(x) Meaning, as often as a sinner repents.

29, 30. Elihu sums up his doctrine regarding the gracious purpose and effect of God’s methods of speaking unto man.

Verse 29. - Lo, all these things worketh God oftentimes (literally, twice and thrice) with man. Elihu, from this point to the end of the chapter, speaks in his own person. God, he says, thus works with man, through visions or through chastisements oftentimes - not in the latter case, taking vengeance on them for their sins, but graciously leading them on to a better mind and a higher spiritual condition. This is part of God's ordinary moral government, and Job has no need to suppose himself exceptionally dealt with. Elihu has reason on his side in all this, and his words may have given Job some comfort. But they did not exactly fit Job's ease. Elihu, unless supernaturally enlightened, could not possibly penetrate into the special circumstances of Job's trial. He could only try to bring his case under general laws, of which it was not an illustration; and so, though well-meant and probably of some service, his argument was no complete answer to Job's difficulties. Job 33:2929 Behold, God doeth all

Twice, thrice with man,

30 To bring back his soul from the pit,

That it may become light in the light of life.

31 Listen, O Job, hearken to me;

Be silent and let me speak on.

32 Yet if thou hast words, answer me;

Speak, for I desire thy justification.

33 If not, hearken thou to me;

Be silent and I will teach thee wisdom.

After having described two prominent modes of divine interposition for the moral restoration and welfare of man, he adds, Job 33:29, that God undertakes (observe the want of parallelism in the distich, Job 33:29) everything with a man twice or thrice (asyndeton, as e.g., Isaiah 17:6, in the sense of bis terve) in order to bring back his soul from the pit (שׁחת, here for the fifth time in this speech, without being anywhere interchanged with שׁאול or another synonym, which is remarkable), that it, having hitherto been encompassed by the darkness of death, may be, or become, light (לאור, inf. Niph., syncopated from להאור, Ew. 244, b) in the light of life (as it were bask in the new and restored light of life) - it does not always happen, for these are experiences of no ordinary kind, which interrupt the daily course of life; and it is not even repeated again and again constantly, for if it is without effect the first time, it is repeated a second or third time, but it has an end if the man trifles constantly with the disciplinary work of grace which designs his good. Finally, Elihu calls upon Job quietly to ponder this, that he may proceed; nevertheless, if he has words, i.e., if he thinks he is able to advance any appropriate objections, he is continually to answer him (השׁיב with acc. of the person, as Job 33:5), for he (Elihu) would willingly justify him, i.e., he would gladly be in the position to be able to acknowledge Job to be right, and to have the accusation dispensed with. Hirz. and others render falsely: I wish thy justification, i.e., thou shouldst justify thyself; in this case נפשׁך ought to be supplied, which is unnecessary: חפץ, without a change of subject, has the inf. constr. here without ל, as it has the inf. absol. in Job 13:3, and צדּק signifies to vindicate (as Job 32:2), or acknowledge to be in the right (as the Piel of צדק, Job 33:12), both of which are blended here. The lxx, which translates θέλω γὰρ δικαιωθῆναί σε, has probably read צדקך (Psalm 35:27). If it is not so (אם־אין as Genesis 30:1), viz., that he does not intend to defend himself with reference to his expostulation with God on account of the affliction decreed for him, he shall on his part (אתּה) listen, shall be silent and be further taught wisdom.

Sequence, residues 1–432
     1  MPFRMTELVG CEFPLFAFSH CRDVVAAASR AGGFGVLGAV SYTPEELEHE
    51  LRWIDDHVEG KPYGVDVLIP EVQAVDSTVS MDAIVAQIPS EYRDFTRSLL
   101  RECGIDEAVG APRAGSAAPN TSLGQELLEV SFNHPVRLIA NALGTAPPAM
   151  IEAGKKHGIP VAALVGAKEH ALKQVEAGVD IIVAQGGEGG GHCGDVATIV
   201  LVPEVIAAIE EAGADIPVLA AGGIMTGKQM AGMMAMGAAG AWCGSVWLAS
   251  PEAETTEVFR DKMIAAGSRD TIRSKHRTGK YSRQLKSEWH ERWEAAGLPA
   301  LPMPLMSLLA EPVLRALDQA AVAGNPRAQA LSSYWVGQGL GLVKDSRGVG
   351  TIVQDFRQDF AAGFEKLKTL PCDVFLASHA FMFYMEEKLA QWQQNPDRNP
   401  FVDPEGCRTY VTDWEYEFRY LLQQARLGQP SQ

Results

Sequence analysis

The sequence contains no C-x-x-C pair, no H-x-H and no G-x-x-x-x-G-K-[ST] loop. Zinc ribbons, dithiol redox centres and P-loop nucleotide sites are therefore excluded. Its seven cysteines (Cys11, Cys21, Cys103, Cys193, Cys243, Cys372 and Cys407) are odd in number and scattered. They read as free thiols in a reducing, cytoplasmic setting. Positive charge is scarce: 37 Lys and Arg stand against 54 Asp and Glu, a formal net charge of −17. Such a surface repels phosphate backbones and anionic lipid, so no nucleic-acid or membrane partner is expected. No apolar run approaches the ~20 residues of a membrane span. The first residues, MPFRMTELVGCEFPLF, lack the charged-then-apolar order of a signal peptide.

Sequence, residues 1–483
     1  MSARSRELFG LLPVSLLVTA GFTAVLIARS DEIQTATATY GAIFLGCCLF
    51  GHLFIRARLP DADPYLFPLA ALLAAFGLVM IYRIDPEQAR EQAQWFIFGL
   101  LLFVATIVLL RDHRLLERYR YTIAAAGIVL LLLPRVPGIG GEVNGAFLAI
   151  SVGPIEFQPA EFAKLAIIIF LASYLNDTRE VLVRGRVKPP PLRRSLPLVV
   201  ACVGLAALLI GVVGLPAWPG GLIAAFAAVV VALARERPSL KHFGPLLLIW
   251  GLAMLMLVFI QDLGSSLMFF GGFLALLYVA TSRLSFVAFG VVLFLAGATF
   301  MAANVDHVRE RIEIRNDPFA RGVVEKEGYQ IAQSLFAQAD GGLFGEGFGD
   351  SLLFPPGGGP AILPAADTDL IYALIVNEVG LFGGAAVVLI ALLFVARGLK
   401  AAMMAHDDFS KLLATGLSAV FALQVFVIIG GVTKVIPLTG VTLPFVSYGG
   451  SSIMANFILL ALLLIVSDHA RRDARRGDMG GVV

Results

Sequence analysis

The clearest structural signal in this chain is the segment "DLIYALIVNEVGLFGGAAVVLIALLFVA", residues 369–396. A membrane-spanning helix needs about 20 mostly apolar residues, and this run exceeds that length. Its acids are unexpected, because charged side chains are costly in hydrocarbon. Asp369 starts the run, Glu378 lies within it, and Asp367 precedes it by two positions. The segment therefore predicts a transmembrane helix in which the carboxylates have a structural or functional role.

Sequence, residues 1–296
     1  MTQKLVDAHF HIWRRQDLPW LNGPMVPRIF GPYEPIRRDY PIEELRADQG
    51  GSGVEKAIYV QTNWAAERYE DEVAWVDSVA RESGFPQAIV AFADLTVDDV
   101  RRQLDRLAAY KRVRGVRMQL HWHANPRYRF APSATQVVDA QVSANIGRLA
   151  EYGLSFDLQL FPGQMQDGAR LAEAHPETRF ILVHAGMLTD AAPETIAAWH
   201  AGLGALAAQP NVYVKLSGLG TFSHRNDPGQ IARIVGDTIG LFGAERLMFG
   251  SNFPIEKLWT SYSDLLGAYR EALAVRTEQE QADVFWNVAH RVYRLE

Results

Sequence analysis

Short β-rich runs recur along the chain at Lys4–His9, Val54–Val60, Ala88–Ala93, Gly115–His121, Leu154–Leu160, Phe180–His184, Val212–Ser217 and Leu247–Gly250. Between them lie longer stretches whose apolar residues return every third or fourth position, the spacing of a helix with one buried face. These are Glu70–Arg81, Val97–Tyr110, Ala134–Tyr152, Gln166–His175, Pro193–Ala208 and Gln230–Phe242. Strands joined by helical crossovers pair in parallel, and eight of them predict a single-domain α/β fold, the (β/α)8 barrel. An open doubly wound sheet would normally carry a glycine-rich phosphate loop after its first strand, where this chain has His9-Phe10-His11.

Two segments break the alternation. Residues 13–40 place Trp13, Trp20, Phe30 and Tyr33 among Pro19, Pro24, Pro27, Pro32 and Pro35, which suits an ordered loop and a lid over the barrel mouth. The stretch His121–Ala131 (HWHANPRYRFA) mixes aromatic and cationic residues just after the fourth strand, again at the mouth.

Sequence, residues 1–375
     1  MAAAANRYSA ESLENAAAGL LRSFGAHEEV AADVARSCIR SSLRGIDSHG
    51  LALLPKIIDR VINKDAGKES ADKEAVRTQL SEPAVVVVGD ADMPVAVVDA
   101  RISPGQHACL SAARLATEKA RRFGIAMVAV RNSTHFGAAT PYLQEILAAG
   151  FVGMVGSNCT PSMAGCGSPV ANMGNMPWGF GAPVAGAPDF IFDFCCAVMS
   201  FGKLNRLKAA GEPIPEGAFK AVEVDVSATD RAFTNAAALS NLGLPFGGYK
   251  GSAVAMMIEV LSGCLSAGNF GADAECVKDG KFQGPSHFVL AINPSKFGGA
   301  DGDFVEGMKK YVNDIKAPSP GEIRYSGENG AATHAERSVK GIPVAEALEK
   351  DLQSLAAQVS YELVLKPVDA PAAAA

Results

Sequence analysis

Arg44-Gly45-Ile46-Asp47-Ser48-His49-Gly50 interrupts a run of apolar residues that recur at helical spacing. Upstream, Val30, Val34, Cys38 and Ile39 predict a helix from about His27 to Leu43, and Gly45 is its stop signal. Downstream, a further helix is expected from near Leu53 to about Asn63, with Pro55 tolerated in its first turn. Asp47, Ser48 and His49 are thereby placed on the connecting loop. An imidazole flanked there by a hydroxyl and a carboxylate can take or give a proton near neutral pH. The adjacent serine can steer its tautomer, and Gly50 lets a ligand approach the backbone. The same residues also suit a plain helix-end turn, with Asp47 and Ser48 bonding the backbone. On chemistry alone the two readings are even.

Quasi hac ratione Heliu sanctum Iob convicerit! exclaims Beda, after a complete exposition of this speech. He regards Elihu as the type of the false wisdom of the heathen, which fails to recognise and persecutes the servant of God: Sunt alii extra ecclesiam, qui Christo ejusque ecclesiae similiter adversantur, quorum imaginem praetulit Balaam ille ariolus, qui et Elieu sicut patrum traditio habet (Balaam and Elihu, one person - a worthless conceit repeated in the Talmud and Midrash), qui contra ipsum sanctum Iob multa improbe et injuriose locutus est, in tantum ut etiam displiceret in una ejus et indisciplinata loquacitas.

(Note: Bedae Opp. ed. Basil. iii. col. 602f. 786. The commentary also bears the false name of Jerome Hieronymus, and as a writing attributed to him is contained in tom. v. Opp. ed. Vallarsi.)

Gregory the Great, in his Moralia, expresses himself no less unfavourably at the conclusion of this speech: